“The terrorists who attacked us on September the 11th, 2001, are men without conscience, but they’re not madmen,” Bush said. “They kill in the name of a clear and focused ideology, a set of beliefs that are evil but not insane.”
Speaking before a crowd of military officers and diplomatic representatives Bush pressed home his thoughts about terrorists.
Bush cited a “grisly al Qaida manual” found in 2000 by British police which included a chapter called 'Guidelines for Beating and Killing Hostages.' He said the manual bore an eerie resemblance to a 2002 Justice Department memo advising the White House how to legally torture al Qaeda terrorists.
“It is obvious what this means,” the President said. “The terrorists are trying to use our own tactics against us. They will fail.”
Bush then began the precarious task of trying to connect 9/11 and Al Qaida with the current effort in Iraq. The politically essential connection between Iraq and 9/11 took a serious hit on August 21 when Cox news reporter Ken Herman asked the president what Iraq had to do since 9/11. “Nothing,” Bush defiantly answered.
That clip can be seen here.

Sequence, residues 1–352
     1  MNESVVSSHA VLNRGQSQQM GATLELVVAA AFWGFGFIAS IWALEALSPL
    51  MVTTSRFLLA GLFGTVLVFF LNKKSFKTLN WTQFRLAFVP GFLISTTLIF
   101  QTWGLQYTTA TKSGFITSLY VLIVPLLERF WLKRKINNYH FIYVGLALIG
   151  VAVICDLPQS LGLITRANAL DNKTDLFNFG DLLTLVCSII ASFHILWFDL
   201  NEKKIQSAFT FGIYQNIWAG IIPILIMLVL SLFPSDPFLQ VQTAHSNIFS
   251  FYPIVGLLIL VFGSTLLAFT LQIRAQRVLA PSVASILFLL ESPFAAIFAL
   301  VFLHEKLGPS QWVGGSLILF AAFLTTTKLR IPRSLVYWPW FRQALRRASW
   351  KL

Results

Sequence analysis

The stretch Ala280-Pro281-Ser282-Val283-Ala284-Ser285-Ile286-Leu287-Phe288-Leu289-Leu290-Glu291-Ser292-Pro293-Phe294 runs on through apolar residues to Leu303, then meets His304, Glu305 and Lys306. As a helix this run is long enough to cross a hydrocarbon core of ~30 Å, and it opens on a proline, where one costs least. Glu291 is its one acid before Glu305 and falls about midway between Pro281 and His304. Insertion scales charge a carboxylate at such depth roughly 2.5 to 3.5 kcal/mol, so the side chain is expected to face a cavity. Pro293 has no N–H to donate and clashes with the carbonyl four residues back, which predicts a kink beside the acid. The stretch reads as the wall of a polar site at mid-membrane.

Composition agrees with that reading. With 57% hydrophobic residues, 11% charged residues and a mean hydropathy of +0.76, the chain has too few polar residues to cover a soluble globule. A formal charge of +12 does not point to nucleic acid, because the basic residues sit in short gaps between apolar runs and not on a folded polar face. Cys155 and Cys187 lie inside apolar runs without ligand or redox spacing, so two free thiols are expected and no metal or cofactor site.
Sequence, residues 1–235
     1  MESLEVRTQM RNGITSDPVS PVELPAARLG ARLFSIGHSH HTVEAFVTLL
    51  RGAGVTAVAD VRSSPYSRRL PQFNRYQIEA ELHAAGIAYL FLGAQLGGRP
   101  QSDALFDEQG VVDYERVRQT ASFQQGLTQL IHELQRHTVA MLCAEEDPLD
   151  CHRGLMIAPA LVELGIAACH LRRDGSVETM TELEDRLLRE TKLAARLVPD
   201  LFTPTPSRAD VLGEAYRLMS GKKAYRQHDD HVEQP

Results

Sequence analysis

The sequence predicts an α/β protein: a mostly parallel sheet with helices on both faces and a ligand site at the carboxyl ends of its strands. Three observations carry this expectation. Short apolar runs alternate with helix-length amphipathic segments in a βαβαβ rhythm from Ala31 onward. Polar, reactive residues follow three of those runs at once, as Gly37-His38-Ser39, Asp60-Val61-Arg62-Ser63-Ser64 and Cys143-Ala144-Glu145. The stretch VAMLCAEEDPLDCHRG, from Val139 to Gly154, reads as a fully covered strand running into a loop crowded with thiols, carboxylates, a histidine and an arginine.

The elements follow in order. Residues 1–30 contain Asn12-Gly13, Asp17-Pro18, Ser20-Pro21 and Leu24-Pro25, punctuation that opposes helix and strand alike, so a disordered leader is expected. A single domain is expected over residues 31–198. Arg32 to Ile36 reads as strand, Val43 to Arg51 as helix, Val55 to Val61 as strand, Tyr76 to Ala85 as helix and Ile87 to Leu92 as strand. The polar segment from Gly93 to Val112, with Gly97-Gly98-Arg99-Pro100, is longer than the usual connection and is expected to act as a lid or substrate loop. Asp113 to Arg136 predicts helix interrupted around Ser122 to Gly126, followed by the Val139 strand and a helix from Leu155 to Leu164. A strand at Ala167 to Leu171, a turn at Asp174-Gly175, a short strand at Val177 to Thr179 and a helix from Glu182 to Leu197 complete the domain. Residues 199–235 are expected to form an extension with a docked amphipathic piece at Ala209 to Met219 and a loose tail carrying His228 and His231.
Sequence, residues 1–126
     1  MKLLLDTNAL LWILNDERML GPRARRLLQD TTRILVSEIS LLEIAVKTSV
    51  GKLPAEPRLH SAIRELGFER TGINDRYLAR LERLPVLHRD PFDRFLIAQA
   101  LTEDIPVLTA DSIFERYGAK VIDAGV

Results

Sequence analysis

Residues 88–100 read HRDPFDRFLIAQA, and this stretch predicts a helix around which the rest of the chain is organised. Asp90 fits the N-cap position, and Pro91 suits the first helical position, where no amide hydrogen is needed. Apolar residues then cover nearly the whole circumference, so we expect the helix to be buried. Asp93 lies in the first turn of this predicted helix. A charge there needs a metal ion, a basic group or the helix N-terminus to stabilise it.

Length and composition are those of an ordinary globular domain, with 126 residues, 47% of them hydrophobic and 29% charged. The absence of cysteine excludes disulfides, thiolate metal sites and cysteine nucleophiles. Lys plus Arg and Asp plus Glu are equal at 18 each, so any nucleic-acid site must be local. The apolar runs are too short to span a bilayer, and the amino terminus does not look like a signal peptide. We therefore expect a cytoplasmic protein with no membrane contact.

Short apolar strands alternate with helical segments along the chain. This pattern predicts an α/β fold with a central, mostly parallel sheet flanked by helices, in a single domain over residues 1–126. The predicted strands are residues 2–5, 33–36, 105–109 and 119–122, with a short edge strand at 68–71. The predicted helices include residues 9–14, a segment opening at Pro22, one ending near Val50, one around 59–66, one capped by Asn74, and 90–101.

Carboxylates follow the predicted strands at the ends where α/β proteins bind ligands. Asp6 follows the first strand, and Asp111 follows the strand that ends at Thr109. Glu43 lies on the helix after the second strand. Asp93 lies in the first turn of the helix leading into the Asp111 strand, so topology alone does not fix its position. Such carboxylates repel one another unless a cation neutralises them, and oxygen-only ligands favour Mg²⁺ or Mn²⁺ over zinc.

Since then the White House as worked very hard to make sure Iraq has something to do with 9/11.
On August 28, Vice President Dick Cheney tied the two together while attacking Democrats. “They overlook a fundamental fact. We were not in Iraq on September 11, 2001, but the terrorist hit us anyway.”
On September 2 Bush declared the war in Iraq to be vital to the war on terror as part of the strategy to fight terrorists abroad.
Yesterday Bush cited what he said was a captured al Qaida document found during a recent raid in Iraq. He said the document described plans to take over Iraq's western Anbar province and set up a governing structure including an education department, a social services department, a justice department, and an execution unit.
A hostile take over? Standing-up a governing body? Creating education, services, and instilling justice? Bush’s point was clear: the terrorists want nothing less than to reshape Iraq in their own image.
Bush’s speaking tour comes during the White House release of a 23-page summary of the U.S. approach to combating terrorism which declares “America is safer, but we are not yet safe.”The President, like the document, will offer no fresh plans about how to turn things around in Iraq or the war on terror or how they're related.